# lab4 of cs61a of UCB

## Intro

📒 如何解决好递归的问题 ?

1. 想清楚什么是 base case ?
2. 怎么把当前的问题分解为更简单的问题 ? 时刻要记住我们定义的函数的定义

## Recursion

### Q2: Summation

Write a recursive implementation of `summation`, which takes a positive integer `n` and a function `term`. It applies `term` to every number from `1` to `n` including `n` and returns the sum.

Important: Use recursion; the tests will fail if you use any loops (for, while).

1. 什么是这一题的 base case ? 这个很容易想到, 因为我们要处理从 `1``n`, 显然当 `n = 1` 的时候就是我们的 base case, 此时返回 `term(n)`

2. 怎么把当前的问题分解为更简单的问题 ? 因为是从 `1``n`, 我们每次让 `n - 1` 来缩小问题的规模, 就会一直到达 base case

``````def summation(n, term):
"""Return the sum of numbers 1 through n (including n) wíth term applied to each number.
Implement using recursion!

>>> summation(5, lambda x: x * x * x) # 1^3 + 2^3 + 3^3 + 4^3 + 5^3
225
>>> summation(9, lambda x: x + 1) # 2 + 3 + 4 + 5 + 6 + 7 + 8 + 9 + 10
54
>>> summation(5, lambda x: 2**x) # 2^1 + 2^2 + 2^3 + 2^4 + 2^5
62
>>> # Do not use while/for loops!
>>> from construct_check import check
>>> # ban iteration
>>> check(HW_SOURCE_FILE, 'summation',
...       ['While', 'For'])
True
"""
assert n >= 1
# base case: n = 1
if n == 1:
return term(n)
else:
return term(n) + summation(n - 1, term)
``````

## Tree Recursion

### Q3: Pascal's Triangle

Here's a part of the Pascal's trangle:

``````1
1 1
1 2 1
1 3 3 1
1 4 6 4 1
``````

Every number in Pascal's triangle is defined as the sum of the item above it and the item above and to the left of it. Use `0` if the item does not exist.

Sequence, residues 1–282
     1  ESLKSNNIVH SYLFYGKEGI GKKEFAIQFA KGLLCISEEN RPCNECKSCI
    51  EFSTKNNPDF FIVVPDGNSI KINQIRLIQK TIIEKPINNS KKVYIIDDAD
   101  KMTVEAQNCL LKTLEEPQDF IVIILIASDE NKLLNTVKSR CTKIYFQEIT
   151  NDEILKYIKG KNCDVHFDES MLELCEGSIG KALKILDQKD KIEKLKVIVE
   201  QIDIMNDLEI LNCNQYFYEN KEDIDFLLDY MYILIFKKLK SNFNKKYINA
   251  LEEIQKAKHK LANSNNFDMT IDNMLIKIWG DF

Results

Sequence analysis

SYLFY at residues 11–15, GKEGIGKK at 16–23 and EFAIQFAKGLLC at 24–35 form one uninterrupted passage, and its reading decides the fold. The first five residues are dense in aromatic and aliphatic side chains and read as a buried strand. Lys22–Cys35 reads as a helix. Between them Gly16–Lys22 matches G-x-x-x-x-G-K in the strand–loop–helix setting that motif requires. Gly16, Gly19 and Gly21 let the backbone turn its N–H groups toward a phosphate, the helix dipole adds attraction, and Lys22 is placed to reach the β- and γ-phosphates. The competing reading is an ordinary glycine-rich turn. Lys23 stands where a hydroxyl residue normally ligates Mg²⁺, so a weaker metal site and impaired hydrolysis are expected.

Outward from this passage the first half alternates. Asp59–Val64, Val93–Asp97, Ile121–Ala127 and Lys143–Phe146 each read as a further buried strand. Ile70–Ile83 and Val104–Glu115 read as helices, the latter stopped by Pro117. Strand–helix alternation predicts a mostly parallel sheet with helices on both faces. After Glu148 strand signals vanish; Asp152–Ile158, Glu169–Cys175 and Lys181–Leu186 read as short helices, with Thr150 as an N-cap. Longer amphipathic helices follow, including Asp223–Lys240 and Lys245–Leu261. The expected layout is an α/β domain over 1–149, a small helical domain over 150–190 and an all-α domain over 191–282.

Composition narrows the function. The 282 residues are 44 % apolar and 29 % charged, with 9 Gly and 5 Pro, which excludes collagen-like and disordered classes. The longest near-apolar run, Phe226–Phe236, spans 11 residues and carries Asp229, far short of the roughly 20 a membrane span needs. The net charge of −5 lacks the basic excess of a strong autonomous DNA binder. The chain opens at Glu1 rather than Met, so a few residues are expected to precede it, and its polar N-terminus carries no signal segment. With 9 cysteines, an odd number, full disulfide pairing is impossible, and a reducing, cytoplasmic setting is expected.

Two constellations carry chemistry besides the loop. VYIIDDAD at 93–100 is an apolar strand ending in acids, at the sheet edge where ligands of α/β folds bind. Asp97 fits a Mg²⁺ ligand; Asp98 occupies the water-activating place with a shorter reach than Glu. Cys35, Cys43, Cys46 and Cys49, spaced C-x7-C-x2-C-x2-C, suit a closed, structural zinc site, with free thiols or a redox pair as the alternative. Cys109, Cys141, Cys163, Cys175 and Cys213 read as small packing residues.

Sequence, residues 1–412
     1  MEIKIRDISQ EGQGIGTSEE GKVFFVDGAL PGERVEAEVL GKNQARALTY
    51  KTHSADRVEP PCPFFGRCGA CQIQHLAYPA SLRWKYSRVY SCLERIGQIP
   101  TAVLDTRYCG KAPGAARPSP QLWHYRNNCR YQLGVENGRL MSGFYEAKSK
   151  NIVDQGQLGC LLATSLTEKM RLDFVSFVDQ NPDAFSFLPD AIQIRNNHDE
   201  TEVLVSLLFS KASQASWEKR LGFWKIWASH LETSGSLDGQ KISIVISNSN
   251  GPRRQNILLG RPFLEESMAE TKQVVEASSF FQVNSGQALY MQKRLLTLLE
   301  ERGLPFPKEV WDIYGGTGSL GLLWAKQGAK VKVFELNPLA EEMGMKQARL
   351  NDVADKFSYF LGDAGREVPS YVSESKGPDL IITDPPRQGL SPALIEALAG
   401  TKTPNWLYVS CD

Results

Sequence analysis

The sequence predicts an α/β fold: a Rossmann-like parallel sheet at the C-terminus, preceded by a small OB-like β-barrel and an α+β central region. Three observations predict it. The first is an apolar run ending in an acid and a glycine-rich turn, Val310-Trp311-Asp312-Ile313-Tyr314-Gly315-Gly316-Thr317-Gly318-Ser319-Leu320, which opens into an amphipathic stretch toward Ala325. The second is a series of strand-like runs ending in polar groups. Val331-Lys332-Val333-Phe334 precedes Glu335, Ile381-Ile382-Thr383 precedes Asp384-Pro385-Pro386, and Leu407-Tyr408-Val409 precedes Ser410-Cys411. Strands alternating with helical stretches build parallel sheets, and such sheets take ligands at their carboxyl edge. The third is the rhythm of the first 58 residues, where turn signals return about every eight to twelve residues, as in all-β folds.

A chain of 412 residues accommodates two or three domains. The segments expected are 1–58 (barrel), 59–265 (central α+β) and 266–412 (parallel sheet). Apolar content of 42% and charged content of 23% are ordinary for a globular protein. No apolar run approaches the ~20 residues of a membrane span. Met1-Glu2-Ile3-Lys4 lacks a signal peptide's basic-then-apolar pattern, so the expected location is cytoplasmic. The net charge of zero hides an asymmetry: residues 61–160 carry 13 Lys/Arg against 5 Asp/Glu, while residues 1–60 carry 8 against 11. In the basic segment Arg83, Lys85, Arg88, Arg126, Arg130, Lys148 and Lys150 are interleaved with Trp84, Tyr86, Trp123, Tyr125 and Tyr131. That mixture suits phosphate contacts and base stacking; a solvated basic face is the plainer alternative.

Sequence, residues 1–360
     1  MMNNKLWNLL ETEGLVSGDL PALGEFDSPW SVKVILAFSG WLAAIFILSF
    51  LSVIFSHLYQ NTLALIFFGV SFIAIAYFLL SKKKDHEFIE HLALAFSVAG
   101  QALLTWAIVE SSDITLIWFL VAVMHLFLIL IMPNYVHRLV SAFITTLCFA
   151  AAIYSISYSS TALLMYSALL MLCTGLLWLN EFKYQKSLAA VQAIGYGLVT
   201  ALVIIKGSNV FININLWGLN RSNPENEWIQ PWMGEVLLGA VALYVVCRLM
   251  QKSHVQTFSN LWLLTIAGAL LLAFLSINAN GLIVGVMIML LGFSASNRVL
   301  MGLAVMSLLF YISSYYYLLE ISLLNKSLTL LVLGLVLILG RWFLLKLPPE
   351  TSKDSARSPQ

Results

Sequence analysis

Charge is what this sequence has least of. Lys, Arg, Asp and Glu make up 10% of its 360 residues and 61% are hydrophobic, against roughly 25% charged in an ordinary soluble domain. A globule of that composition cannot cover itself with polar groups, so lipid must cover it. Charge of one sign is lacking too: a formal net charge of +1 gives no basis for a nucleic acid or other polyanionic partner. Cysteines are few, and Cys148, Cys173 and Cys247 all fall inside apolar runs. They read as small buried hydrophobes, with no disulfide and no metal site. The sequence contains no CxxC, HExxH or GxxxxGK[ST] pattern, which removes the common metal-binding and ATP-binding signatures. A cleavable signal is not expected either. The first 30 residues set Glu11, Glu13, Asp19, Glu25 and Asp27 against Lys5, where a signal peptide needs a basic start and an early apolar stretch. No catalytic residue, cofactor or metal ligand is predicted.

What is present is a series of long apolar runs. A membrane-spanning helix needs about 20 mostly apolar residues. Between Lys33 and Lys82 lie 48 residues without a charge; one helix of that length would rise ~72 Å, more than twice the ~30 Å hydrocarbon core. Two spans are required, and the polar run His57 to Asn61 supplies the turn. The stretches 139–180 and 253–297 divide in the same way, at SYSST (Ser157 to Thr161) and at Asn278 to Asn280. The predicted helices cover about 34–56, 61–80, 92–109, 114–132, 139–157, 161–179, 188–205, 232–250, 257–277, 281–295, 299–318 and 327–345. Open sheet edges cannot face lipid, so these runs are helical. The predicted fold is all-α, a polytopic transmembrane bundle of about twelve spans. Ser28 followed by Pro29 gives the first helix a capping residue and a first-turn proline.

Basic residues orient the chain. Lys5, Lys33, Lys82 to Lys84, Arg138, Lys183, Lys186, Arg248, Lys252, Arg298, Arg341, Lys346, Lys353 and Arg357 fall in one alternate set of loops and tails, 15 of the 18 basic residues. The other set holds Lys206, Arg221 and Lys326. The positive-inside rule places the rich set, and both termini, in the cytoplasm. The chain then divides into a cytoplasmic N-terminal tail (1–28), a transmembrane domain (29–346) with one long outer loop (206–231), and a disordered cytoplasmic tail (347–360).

Define the procedure `pascal(row, column)` which takes a row and a column, and finds the value of the item at that position in Pascal's triangle. Rows and columns are zero-indexed; that is, the first row is row 0 instead of 1 and the first column is column 0 instead of column 1.

For example, the item at row 2, column 1 in Pascal's triangle is 2.

``````def pascal(row, column):
"""returns the value of the item in pascal's triangle
whose position is specified by row and column.
>>> pascal(0, 0)
1
>>> pascal(0, 5)	# empty entry; outside of pascal's triangle
0
>>> pascal(3, 2)	# row 3 (1 3 3 1), column 2
3
>>> pascal(4, 2)     # row 4 (1 4 6 4 1), column 2
6
"""
# in pascal's triangle, \
# pascal(i, j) = pascal(i - 1, j - 1) + pascal(i - 1, j)

# base case 1. empty entry
if column > row:
return 0
# base case 2. pascal(i, 0)
if column == 0:
return 1
# base case 3. pascal(i, i)
elif row == column:
return 1
return pascal(row - 1, column) + pascal(row - 1, column - 1)
``````

### Q4: Insect Combinatorics

Consider an insect in an M by N grid. The insect starts at the bottom left corner, (0, 0), and wants to end up at the top right corner, (M-1, N-1). The insect is only capable of moving right or up. Write a function `paths` that takes a grid length and width and returns the number of different paths the insect can take from the start to the goal. (There is a closed-form solution to this problem, but try to answer it procedurally using recursion.)